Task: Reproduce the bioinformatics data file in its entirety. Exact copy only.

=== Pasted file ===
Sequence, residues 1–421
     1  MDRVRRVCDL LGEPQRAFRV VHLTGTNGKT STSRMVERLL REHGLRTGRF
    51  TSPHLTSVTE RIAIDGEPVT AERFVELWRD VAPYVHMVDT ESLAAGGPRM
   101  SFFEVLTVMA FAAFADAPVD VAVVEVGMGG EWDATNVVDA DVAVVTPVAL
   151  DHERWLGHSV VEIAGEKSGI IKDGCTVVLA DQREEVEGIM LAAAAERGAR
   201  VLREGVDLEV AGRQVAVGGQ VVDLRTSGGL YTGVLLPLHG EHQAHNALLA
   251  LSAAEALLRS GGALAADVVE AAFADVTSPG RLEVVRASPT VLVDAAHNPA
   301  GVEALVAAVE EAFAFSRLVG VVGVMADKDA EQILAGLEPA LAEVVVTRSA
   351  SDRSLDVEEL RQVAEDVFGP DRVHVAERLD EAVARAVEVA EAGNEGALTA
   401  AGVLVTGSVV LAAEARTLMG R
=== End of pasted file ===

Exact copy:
Sequence, residues 1–421
     1  MDRVRRVCDL LGEPQRAFRV VHLTGTNGKT STSRMVERLL REHGLRTGRF
    51  TSPHLTSVTE RIAIDGEPVT AERFVELWRD VAPYVHMVDT ESLAAGGPRM
   101  SFFEVLTVMA FAAFADAPVD VAVVEVGMGG EWDATNVVDA DVAVVTPVAL
   151  DHERWLGHSV VEIAGEKSGI IKDGCTVVLA DQREEVEGIM LAAAAERGAR
   201  VLREGVDLEV AGRQVAVGGQ VVDLRTSGGL YTGVLLPLHG EHQAHNALLA
   251  LSAAEALLRS GGALAADVVE AAFADVTSPG RLEVVRASPT VLVDAAHNPA
   301  GVEALVAAVE EAFAFSRLVG VVGVMADKDA EQILAGLEPA LAEVVVTRSA
   351  SDRSLDVEEL RQVAEDVFGP DRVHVAERLD EAVARAVEVA EAGNEGALTA
   401  AGVLVTGSVV LAAEARTLMG R